Modernist poetry is remarkable for its inventive use of language, its use of allusion and layering of voices, its eagerness to break with poetic tradition and establish new, "modern" rhythms and idioms in poems. Writers, in conversation with the historical trauma of wars and revolutions as well as the excitement of new political initiatives and the new sciences, experimented with diction and form to evolve a poetry that could speak from the deepest experiences of their generation. We will track this impulse on an international compass, moving from Baudelaire in Paris and Dickinson in America to Futurism and Imagism and other international avant-gardes, highlighting the Harlem Renaissance, taking up poems by Langston Hughes, Claude McKay, and Jean Toomer, and Caribbean modernism, featuring Aimé Césaire, and Nicolás Guillén. We'll also be reading these poems in the context of the highly experimental visual work that sometimes accompanies them. Major individual figures include Gertrude Stein, Mina Loy, Ezra Pound, H.D., T. S. Eliot, David Jones, Marianne Moore, and Wallace Stevens. We will be reading this verse intensively as well as extensively, sounding the poems as poems and hearing them resonate in literary, cultural, and political history. Our interpretive work will take up a range of critical approaches, which we will also assess for their usefulness: old and new historicisms, modern cultural studies, race theory, psychoanalytic and feminist and Marxist orientations as well as postcolonial ways of reading. Satisfies the Twentieth Century and later requirement.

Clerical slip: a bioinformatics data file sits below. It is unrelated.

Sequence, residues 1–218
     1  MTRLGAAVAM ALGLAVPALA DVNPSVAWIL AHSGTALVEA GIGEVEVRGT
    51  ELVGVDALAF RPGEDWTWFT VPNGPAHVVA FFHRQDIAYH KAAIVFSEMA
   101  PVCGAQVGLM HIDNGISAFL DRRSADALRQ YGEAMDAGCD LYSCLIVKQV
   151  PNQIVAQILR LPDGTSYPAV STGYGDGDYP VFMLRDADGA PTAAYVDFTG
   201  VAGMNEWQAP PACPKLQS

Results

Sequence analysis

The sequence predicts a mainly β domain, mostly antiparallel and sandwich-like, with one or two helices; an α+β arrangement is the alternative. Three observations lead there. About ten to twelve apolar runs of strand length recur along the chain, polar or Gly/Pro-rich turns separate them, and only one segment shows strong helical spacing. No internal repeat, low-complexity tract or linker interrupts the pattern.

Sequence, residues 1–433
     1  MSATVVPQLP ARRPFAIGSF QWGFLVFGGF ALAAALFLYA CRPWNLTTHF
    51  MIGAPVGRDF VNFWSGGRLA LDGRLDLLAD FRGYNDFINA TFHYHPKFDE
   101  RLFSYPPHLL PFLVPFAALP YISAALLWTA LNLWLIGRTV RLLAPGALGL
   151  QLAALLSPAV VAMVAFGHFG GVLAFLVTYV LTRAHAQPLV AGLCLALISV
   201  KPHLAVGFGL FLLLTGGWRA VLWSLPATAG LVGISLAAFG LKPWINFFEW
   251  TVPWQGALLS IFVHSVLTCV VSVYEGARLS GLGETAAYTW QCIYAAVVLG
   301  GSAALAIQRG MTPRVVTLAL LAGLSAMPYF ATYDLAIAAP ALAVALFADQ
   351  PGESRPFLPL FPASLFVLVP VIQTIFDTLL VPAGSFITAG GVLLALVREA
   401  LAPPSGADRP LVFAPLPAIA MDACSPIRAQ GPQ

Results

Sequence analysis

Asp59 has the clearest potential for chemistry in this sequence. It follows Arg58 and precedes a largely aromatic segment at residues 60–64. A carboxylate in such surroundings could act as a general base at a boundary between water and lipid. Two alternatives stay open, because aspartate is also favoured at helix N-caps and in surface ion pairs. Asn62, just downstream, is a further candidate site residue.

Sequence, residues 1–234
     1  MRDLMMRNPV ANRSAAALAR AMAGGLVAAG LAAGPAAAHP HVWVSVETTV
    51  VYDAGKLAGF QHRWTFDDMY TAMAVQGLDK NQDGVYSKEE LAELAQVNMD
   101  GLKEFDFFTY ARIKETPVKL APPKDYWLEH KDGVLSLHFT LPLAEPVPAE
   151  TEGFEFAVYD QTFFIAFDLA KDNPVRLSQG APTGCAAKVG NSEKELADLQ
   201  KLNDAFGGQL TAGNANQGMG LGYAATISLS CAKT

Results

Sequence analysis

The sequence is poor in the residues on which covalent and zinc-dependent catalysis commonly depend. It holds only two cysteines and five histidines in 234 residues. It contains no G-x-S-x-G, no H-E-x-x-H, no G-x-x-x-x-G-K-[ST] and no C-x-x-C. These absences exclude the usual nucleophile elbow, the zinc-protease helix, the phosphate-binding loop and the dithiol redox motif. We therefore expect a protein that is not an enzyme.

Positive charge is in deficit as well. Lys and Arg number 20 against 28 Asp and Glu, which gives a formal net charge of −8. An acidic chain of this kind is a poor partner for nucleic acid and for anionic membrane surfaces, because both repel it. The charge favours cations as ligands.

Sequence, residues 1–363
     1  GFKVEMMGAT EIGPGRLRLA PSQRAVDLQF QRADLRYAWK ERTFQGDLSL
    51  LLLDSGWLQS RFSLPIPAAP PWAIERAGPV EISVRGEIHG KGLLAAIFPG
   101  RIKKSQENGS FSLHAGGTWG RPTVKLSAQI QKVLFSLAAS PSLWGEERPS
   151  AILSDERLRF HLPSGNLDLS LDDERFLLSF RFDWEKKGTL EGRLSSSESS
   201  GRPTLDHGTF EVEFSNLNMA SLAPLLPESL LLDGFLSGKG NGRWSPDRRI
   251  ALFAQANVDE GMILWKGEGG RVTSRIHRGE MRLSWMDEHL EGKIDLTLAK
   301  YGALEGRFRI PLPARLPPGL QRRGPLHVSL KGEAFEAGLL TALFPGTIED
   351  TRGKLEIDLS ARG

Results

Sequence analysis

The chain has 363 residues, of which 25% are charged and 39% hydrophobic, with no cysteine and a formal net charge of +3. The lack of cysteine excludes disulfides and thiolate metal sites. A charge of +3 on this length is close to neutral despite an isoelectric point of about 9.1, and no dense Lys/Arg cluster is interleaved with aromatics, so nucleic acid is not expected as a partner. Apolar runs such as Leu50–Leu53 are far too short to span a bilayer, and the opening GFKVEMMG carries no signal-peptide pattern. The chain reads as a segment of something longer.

Course Attributes: EN H; AS HUM; FA HUM; EL TC